We’re hearing a lot about big data. Marc Herman raises the question – can big data investment in big data will this help prevent huge distributions in supply chain like it did in 2011 in Japan during its earthquake and tsunami?
A better way of assessing the risk of earthquakes and tsunamis would be the straightforward (but tedious) task of mapping your supply chain all the way back to raw materials. That map ensures you are aware of every step along the way which will explain your risks a lot faster as opposed to crunching huge numbers to evaluate your risks.
Having more information is useful for better calculating financial impact of those risks, however good ol’ fashion common sense and leg work will go a long way toward mitigating risk.
What do you think of big data?
The outlook for the U.S. economy is “very, very good” according to Moody’s Analytics’ Chief Economist Mark Zandi. He told attendees at ISM 2014 his optimism stems from fading headwinds from Washington, expected growth in housing and our country’s incredible energy story.
His outlook followed the release of ISM’s Spring 2014 Semiannual Economic Forecast, which predicted manufacturing revenue to increase 5.3 percent through 2014 and non-manufacturing revenue to jump 2.7 percent.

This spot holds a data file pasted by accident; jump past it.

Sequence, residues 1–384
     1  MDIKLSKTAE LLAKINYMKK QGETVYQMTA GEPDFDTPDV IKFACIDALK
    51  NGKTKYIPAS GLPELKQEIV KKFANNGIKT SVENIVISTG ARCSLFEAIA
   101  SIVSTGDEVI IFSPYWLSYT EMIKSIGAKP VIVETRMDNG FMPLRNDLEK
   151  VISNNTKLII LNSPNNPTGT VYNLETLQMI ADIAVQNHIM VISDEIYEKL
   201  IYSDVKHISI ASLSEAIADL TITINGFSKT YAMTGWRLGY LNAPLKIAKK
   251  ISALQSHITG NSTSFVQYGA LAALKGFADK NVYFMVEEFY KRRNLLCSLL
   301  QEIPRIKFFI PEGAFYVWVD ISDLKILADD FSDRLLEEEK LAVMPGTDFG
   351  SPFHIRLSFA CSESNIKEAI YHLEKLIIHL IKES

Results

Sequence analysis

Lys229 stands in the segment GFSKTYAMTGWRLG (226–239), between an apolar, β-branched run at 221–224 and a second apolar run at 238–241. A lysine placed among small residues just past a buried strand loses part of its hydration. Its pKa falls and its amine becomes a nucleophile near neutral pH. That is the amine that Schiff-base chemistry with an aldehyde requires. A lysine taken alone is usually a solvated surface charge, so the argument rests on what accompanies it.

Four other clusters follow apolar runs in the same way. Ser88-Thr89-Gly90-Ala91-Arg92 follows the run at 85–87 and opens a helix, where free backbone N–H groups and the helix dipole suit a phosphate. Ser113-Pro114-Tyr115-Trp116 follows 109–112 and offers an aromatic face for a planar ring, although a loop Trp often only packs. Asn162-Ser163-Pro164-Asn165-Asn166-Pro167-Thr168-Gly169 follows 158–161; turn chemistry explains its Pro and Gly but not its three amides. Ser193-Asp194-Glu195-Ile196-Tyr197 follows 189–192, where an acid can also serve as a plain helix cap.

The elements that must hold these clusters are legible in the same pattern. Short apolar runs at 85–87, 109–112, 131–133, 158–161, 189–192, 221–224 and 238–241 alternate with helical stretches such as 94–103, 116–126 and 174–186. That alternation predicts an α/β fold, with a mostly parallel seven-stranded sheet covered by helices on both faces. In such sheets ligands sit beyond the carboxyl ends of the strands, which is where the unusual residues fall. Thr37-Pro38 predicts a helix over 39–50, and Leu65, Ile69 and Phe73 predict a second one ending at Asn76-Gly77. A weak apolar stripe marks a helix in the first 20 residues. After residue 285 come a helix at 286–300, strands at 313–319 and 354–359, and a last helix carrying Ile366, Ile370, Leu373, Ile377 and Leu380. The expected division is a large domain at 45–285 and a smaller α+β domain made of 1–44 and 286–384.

We’re on the right track!
ThomasNet.com and the Institute for Supply Management are looking for Millennials in the supply chain industry whose initiative, collaboration, innovation and/or leadership are strengthening our industry. The “30 Under 30 Rising Supply Chain Stars” recognition program was launched this week during ISM2014 to find those rising stars.
It’s common knowledge that, by the year 2025, members of the Millennial generation will make up 75% of the workforce. We need to identify, encourage and honor those young people who represent the future of our industry.
Winners will receive a complimentary membership in ISM for one year, and one “megawatt” professional from the group, and his or her nominator, will receive an all-expense paid trip to ISM2015 May 3-6, 2015, in Phoenix.
Concerned your suppliers might not be prepared if a disaster strikes? Or that they may be doing something that could be considered unethical? This morning at ISM 2014 a new “Supplier Risk Index” was announced to enable companies to survey the risk, ethics and sustainability practices among their suppliers and their supplier’s suppliers.
The new index will help companies identify potential supply disruptions — including disasters, and ethics, compliance and sustainability issues — to keep their businesses running and protect their brands. The data can be used to address any weaknesses and implement risk mitigation strategies before anything happens.
ISM and The Ethisphere Institute partnered to develop the new index and will demo it on Wednesday, May 28, at 1 p.m. ET on Readytalk.com.
What particular characteristic defines a leader in the supply chain industry? It’s the ability to recognize the importance of innovation and put it at the top of his or her agenda. And what’s the end result of strong supply chain leadership? Significantly higher levels of performance for the organization on both revenue growth and EBIT measures compared to the industry average.
According to a new study by Deloitte, organizations with superior supply chain capabilities or “supply chain leaders” achieve significantly higher levels of performance.